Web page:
by Sarah Crysl Akhtar

Sarah AkhtarStill haunted by your high school English teacher? Elmore Leonard can help. Print out his Ten Rules for Good Writing and invoke as often as necessary.

I was already–uneasily–employing Nos. 3 (“Never use a verb other than ‘said’ to carry dialogue.”) and 4 (“Never use an adverb to modify the verb ‘said’ . . .”) in my own writing, and I was thrilled to have had my instincts validated by a master.

To be a competent writer you must understand the rules of grammar and apply them appropriately. No matter how brilliant you are, you’ll be a bit hampered in life if you can’t write a decent business letter or error-free resume.

But great, compelling writers use language to capture essential truths; to paint vivid pictures; to thrust us into worlds we’ve never known existed and make us believe in them; to get inside the heads of anything that can even remotely be regarded as sentient and make us feel what motivates them.

The writing of young children is often remarkably effective because it’s unconstrained by rules. When you don’t know you “can’t” do something, your creativity soars.

But those rules aren’t intended to beat all the life out of your expression. They’re just an armature from which you build outward.

Part of becoming a fine writer is learning when to ignore good advice and follow your instincts. It’s dreadfully frustrating, because there’s such a very fine line, sometimes, between awkward misuse of language and the stunning power of authentic feeling.

Just keep writing til you get it right.


Sarah Crysl Akhtar‘s shtetl forebears gifted her with the genes that impel her to make much from little. So of course she writes flash fiction, cultivates orchards on her windowsill and bakes fabulous shortbread. Her son gives her what’s immeasurable–the best of all possible worlds. Less miraculous fruit of her labors has appeared on Every Day Fiction, Flash Fiction Online, 365tomorrows and Perihelion SF Magazine.

by James Claffey

James Claffey2

Growing up in an Irish home, poetry was always in the air. An aunt recited, “Maisie, Maisie, give me your answer do,” and my mother crooned, “Up the airy mountain, / Down the rushy glen…” and at school it was Padraig Colum’s “The Drover,” and, “To Meath of the pastures, / From wet hills by the sea, / Through Leitrim and Longford, / Go my cattle and me…” Even now, decades later, working on my own books and stories; the musical language of home and childhood and poetry infiltrates everything I write.

My wife is a poet, a painter, a writer, and one of the most creative souls I’ve ever met. From her I discovered the secret to writing—an unerring ability to write with not a care at all for the thoughts of editors, or other gatekeepers. Her poetry astonished me when I first met her: “Upon searching for a body, she will find herself.” She showed me that words can be fractured things, awkwardly spliced and stitched together. Not that my own exposure to Hopkins’ sprung rhythm didn’t alert me to some fierce capsizing of language, words like hoven chunks of glacier floating in some frozen sea. Still, her bookshelves made mine look extraordinarily pedestrian.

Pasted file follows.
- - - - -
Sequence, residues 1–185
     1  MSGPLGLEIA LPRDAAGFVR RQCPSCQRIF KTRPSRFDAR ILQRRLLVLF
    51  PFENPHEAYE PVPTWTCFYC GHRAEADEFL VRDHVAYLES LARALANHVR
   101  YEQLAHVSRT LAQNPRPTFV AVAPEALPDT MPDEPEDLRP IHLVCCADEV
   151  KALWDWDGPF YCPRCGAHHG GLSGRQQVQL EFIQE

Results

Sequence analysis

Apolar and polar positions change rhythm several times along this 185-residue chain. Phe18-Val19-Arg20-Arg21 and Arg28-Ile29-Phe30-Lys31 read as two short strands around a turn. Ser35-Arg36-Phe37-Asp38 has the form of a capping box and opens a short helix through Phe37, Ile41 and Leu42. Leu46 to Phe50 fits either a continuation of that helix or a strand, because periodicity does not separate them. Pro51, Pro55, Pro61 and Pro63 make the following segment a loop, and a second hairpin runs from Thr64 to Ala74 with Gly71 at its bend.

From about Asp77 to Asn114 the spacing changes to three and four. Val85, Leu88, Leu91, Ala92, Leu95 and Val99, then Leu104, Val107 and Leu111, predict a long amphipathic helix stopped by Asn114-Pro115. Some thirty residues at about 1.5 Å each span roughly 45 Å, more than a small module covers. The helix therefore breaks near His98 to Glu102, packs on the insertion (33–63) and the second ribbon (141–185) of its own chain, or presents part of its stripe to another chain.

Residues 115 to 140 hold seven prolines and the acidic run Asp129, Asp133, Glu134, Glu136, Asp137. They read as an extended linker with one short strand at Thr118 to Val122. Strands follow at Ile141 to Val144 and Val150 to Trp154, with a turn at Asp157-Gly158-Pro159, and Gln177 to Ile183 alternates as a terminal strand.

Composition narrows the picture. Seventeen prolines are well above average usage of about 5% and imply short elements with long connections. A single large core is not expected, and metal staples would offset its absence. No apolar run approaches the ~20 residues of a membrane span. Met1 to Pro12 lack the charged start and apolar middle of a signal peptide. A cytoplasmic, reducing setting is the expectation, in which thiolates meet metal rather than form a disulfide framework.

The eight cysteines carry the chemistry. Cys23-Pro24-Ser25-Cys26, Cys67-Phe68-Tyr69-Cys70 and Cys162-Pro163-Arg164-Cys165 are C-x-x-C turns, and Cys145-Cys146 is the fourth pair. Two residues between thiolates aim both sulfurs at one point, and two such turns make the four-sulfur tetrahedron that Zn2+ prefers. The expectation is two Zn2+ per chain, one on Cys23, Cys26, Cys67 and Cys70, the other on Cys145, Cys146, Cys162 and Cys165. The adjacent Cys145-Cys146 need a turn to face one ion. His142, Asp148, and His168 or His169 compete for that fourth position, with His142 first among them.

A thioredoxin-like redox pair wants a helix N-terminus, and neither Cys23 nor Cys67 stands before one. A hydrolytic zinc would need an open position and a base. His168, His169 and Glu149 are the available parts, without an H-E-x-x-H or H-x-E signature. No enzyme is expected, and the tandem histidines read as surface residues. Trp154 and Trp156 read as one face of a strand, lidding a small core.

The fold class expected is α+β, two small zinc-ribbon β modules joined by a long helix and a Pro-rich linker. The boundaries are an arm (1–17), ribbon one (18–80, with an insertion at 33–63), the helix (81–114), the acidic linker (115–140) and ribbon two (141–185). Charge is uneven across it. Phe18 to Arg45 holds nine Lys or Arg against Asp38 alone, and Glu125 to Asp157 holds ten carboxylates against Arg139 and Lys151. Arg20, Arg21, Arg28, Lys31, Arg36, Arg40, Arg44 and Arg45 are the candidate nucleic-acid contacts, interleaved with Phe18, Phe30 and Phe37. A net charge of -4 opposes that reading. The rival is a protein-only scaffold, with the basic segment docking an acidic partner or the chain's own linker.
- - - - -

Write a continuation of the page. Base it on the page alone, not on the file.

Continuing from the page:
Not any more. My shelves contain Ben Lerner, Andrei Codrescu, Marthe Reed, Kathy Wagner, Ariane Reines, Martha Rosler, Kate Eichorn, and Kenneth Goldsmith, amongst others. Now, I read madness on pages of gritty creative writing as the hummingbirds zip about the bush outside my office window. All these words from obscure and known names have allowed me to dispense with standard writing form in my flash fiction. Mostly, I write surreal pieces that are more prose poem than traditional narrative. I weave pieces of eight and found flicker feathers into words, tapestries of trapped moments from dog walks on nearby hills, or by the coastline with the Channel Islands in the mist.

How this poetic influence improves my flash fiction is unclear. I’m guessing the way poets chisel away the unnecessary words, always searching for the most precise and perfect turn of phrase, is influential when it comes to writing short fiction. I go over and over any new writing searching for repetitiveness, for over-use of certain phrases, for redundancies in the writing. Having read so much poetry, I am aware of the importance of shape and form to a piece of writing. Many of the flash fiction pieces I write fit into a certain form; some being one long sentence, unpunctuated, and others being prose bookended in a particular way by a turn of phrase, or a particular image. Reading poetry and seeing how some poets use the white space provides inspiration to me when I sit down to a new project and have a desire to create something fresh on the page. Even how the physical shape of the piece looks is influenced by my consumption of poetry. Though, when I’m asked to describe my writing, I steer clear of saying it’s poetry.